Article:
Rystad Energy says installed offshore wind capacity is set to surge in 2021. It expects installed capacity to increase by 11.8 GW this year, which is a 37% increase compared to the 31.9 GW of capacity that had been installed by the end of 2020
China will continue to lead new capacity additions, contributing 63% of expected growth.
After 2021, China will begin phasing out feed-in-tariffs and many developers are therefore pushing to complete projects by then.
Rystad Energy said that, despite the Covid-19 pandemic, global installed offshore wind capacity rose by 15% in 2020, to 31.9 GW, from 27.7 GW at the end of 2019. China was the main contributor in 2020, accounting for 39% of last additions, followed by the Netherlands (18%) and the UK (17%).
Rystad Energy offshore wind product manager Alexander Fløtre said, “China had a construction backlog of more than 10 GW going into 2020. Chinese developers are racing to install more turbines by the end of 2021 in order to claim full feed-in-tariffs.
“This means 2021 is going to see major capacity additions, particularly since some projects initially scheduled for commissioning in 2020 ended up slipping into 2021.”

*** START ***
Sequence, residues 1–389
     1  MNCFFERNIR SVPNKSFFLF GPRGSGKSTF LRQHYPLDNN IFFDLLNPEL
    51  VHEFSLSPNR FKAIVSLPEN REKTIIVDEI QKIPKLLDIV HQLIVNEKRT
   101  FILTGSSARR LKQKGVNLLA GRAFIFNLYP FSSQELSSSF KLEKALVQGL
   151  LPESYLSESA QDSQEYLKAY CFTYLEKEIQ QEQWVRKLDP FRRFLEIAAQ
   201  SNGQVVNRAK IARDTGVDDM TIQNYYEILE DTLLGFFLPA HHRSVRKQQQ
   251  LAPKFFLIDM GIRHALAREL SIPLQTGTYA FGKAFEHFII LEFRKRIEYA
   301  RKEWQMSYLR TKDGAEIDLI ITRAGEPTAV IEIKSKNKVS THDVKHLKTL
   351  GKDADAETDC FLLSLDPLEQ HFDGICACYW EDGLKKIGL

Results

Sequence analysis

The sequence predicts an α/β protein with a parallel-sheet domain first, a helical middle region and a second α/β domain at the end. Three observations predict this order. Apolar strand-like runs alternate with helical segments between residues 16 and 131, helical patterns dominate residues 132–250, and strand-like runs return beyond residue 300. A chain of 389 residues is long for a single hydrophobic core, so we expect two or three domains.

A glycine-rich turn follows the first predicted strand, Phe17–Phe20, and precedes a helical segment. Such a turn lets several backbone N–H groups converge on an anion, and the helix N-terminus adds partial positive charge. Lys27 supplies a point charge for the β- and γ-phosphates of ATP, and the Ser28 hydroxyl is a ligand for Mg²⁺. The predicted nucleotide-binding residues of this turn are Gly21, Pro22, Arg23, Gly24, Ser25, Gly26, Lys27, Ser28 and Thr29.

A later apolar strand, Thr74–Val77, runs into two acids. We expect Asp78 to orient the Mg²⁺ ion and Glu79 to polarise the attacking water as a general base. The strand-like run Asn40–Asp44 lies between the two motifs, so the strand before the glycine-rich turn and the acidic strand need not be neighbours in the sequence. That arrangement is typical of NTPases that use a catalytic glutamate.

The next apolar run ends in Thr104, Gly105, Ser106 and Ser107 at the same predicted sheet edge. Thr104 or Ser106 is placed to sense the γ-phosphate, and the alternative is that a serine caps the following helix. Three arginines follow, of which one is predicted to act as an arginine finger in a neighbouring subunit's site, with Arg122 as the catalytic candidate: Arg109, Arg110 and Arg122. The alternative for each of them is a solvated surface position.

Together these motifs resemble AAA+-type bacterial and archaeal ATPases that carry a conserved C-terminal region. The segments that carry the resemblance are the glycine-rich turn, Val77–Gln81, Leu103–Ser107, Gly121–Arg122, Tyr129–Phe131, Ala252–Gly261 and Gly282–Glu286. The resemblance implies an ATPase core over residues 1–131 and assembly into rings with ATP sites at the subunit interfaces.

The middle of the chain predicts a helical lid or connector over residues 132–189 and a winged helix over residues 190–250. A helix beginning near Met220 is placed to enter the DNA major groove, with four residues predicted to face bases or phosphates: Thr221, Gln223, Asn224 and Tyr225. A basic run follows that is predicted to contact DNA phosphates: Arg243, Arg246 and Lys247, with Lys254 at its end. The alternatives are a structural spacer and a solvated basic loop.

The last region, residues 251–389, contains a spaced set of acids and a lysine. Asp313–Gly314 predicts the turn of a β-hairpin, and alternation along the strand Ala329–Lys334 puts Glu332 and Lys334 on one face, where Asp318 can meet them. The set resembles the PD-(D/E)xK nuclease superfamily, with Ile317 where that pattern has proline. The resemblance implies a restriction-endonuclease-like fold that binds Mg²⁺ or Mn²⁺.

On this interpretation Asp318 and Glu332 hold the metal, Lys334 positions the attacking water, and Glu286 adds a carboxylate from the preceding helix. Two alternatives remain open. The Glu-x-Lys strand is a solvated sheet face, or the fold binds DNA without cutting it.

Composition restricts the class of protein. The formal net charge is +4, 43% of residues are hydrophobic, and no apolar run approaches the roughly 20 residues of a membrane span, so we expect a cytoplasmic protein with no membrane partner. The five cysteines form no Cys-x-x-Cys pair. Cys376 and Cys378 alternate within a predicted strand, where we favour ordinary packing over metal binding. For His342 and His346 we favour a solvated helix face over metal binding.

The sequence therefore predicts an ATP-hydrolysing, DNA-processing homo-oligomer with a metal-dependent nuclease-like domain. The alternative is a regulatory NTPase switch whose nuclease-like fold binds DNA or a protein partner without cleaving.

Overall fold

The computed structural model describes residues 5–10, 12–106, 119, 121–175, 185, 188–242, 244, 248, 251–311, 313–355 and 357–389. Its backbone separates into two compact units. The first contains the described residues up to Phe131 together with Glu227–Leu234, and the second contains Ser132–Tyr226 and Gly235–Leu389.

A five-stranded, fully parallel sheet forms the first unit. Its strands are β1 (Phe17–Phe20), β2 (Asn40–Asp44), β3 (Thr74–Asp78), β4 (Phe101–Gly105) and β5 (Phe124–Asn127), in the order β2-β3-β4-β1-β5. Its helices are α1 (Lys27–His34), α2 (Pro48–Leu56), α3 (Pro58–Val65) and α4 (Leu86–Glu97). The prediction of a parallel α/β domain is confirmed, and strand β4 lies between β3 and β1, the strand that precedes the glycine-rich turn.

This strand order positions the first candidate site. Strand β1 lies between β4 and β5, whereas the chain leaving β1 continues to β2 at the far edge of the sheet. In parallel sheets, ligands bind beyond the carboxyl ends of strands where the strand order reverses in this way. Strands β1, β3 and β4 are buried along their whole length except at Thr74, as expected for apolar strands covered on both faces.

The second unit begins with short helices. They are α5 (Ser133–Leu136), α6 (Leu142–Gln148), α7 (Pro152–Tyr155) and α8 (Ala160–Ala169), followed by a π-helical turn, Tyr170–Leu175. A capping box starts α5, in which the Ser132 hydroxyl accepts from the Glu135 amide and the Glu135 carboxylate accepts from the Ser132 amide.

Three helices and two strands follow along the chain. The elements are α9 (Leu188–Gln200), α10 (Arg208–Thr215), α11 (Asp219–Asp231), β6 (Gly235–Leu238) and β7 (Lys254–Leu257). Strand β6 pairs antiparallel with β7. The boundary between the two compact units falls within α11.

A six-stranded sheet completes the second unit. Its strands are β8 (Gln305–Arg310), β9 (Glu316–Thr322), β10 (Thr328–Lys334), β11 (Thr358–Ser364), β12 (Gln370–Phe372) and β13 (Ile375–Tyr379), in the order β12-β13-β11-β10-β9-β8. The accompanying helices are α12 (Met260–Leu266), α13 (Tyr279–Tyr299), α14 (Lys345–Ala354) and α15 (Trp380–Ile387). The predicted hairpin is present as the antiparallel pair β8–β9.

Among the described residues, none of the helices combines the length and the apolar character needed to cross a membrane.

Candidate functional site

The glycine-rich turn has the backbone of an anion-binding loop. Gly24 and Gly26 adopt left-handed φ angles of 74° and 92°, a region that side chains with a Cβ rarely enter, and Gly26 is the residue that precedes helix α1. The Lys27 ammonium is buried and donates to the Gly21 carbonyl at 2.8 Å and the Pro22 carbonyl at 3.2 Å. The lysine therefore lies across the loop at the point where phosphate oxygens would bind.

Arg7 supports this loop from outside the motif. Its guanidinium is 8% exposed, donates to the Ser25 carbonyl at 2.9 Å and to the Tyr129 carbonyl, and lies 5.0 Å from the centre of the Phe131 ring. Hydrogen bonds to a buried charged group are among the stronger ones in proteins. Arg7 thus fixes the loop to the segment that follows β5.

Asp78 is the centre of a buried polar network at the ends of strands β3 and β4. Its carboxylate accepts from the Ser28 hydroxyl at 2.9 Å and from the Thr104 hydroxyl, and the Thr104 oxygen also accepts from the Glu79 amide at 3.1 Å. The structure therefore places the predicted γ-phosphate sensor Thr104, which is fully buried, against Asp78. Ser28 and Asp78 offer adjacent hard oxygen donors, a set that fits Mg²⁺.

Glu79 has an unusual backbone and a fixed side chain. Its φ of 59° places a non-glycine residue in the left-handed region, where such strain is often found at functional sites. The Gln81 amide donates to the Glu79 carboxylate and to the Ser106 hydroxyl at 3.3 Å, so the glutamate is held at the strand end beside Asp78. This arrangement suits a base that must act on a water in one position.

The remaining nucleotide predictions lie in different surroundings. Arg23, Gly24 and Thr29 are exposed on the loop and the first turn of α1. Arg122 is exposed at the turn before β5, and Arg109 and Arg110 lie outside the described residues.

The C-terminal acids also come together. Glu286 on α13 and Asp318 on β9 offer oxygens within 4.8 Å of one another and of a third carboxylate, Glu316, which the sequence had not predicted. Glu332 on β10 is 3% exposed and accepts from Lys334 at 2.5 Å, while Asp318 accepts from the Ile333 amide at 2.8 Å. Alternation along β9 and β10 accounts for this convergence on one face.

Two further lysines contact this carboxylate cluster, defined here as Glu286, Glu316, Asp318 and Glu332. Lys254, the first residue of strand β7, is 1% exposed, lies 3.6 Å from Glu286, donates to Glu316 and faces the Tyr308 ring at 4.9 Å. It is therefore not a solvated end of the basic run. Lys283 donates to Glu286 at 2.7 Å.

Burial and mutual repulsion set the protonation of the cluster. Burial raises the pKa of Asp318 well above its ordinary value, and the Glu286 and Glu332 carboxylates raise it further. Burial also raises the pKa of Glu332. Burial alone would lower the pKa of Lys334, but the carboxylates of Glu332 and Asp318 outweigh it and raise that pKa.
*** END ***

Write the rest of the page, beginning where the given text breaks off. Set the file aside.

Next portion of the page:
Like China, Europe and the US also saw some delays in 2020 due to the Covid-19 pandemic. Nevertheless, offshore wind developers continued to make final investment decisions for projects.
In 2020, the UK sanctioned more than 4.7 GW of offshore wind and the Netherlands more than 2.2 GW.
In H2 2020, almost 25 GW of capacity was added to the global backlog. Currently, Brazil has no operational offshore wind capacity, but its backlog grew significantly in 2020 as the country added more than 15 GW to the drawing board.
In addition, other countries in the Asia Pacific apart from China are preparing for a ground-breaking year, including Taiwan and Vietnam.